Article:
Arterial carbon dioxide partial pressure (PaCO2) is an essential indicator of ventilation and respiratory function. It is routinely tested invasively by arterial blood gas analysis (ABGA) but recently developed miniaturized carbon dioxide tension sensors promise non-invasive and continuous transcutaneous PCO2 (PtcCO2) monitoring. We, the researchers at University Hospital, Basel, Switzerland, determined the accuracy of two PtcCO2 monitors (TOSCA 500 with Sensor 92, Linde Medical Sensors AG, Basel; and Sentec Digital Monitor with V-Sign Sensor, Sentec AG, Therwil) for measurement of single values and trends in PaCO2 in critically ill patients, using ABGA as a reference.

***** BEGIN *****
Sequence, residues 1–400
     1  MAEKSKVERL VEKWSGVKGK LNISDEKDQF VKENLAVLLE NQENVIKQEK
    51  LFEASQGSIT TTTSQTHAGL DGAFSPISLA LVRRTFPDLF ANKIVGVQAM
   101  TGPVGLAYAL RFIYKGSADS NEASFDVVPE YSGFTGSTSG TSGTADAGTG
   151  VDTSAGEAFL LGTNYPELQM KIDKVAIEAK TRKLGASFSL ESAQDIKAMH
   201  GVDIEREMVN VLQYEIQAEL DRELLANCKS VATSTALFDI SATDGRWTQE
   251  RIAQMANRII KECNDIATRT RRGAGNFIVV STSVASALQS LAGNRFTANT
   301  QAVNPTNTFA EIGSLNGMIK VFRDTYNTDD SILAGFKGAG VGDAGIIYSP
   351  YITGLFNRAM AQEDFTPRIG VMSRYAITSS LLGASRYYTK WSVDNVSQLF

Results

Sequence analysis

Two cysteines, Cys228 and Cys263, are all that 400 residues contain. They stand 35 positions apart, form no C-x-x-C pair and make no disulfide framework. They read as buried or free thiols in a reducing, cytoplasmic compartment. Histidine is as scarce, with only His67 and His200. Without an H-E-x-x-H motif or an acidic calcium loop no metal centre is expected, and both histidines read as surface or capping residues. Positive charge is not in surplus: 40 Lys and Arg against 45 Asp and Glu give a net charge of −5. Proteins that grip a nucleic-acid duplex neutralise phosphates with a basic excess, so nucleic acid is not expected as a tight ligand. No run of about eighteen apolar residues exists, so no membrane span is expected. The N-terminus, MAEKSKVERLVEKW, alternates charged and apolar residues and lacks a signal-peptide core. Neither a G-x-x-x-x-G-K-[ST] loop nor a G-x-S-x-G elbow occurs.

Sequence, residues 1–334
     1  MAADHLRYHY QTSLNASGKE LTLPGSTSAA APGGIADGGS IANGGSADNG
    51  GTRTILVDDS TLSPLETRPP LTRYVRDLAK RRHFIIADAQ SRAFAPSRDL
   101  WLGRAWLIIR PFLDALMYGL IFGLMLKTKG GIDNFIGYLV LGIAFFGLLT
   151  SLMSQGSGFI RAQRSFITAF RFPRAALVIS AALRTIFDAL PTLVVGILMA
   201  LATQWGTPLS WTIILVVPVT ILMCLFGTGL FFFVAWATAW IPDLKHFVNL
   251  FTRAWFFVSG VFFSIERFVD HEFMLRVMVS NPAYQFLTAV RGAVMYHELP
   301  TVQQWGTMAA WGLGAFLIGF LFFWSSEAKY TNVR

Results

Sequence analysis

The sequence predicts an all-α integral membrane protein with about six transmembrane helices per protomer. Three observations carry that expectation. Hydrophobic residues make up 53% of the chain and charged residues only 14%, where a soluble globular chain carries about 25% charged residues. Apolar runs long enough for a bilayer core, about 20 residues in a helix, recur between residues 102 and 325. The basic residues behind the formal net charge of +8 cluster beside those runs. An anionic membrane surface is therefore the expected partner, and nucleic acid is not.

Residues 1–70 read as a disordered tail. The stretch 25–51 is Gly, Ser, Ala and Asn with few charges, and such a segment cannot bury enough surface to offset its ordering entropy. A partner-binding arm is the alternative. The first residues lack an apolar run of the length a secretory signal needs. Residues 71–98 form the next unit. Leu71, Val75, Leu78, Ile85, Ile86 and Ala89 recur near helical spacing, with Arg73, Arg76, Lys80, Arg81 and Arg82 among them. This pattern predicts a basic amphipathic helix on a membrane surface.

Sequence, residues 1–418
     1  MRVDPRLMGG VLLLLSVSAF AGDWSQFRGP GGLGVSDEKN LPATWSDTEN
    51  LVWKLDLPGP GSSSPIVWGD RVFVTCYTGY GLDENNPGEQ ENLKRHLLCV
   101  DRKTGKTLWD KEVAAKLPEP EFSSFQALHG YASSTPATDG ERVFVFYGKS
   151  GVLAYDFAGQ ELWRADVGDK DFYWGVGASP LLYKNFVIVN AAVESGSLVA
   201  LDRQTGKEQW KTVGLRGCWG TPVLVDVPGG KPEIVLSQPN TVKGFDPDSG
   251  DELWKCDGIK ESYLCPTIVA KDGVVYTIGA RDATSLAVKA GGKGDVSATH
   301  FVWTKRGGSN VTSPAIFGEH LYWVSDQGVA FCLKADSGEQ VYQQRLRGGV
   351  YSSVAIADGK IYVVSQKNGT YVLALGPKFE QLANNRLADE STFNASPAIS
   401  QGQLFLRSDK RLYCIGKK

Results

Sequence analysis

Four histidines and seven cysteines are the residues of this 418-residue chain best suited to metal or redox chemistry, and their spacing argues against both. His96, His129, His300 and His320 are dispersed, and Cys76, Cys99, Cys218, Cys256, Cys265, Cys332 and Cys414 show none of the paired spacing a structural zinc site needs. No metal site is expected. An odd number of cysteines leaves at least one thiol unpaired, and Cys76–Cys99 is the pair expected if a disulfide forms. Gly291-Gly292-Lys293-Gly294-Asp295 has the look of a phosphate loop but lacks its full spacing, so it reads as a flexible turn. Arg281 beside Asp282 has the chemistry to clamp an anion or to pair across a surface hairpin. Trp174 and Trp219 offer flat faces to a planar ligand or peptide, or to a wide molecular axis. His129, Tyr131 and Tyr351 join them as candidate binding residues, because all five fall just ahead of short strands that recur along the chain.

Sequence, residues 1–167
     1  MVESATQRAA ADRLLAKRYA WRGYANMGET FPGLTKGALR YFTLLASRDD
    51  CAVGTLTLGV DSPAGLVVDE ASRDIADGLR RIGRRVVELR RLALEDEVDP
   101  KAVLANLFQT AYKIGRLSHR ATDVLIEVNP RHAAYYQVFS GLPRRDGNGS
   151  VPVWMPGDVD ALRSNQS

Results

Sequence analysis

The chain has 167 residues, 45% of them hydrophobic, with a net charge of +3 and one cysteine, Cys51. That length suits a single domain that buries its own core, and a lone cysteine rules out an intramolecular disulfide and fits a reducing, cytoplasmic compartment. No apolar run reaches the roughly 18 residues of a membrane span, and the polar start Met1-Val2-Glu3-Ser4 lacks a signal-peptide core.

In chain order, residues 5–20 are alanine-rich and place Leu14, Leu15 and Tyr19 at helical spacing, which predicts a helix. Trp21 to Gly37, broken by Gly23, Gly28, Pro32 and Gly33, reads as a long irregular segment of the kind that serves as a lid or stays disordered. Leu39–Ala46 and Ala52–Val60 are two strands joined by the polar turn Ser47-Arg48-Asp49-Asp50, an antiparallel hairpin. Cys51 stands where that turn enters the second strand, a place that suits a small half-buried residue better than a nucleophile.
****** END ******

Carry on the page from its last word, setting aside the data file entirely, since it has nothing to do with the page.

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||February 2006 (Final data collection date for primary outcome measure)
Measurement of SO2 is used in nearly every patient receiving anesthesia or sedation, whereas monitoring of pCO2 is important in patients during and shortly after major surgery and in critically ill patients. But measurement of pCO2 requires arterial blood sampling and laboratory testing. Non-invasive monitors for continuous assessment of arterial pCO2 have been developed but their accuracy and feasibility were insufficient to make them useful in the clinical setting. Recently, a new digital system for continuous and non-invasive monitoring of arterial pCO2 and SO2 has been introduced (SenTec Digital Monitor System, SenTec AG, Therwil, Switzerland). This present study has been designed to evaluate the accuracy of the SenTec V-SignTM monitoring system for measuring pCO2 in comparison with repeated arterial blood gas testing in the operation room and in the intensive care unit.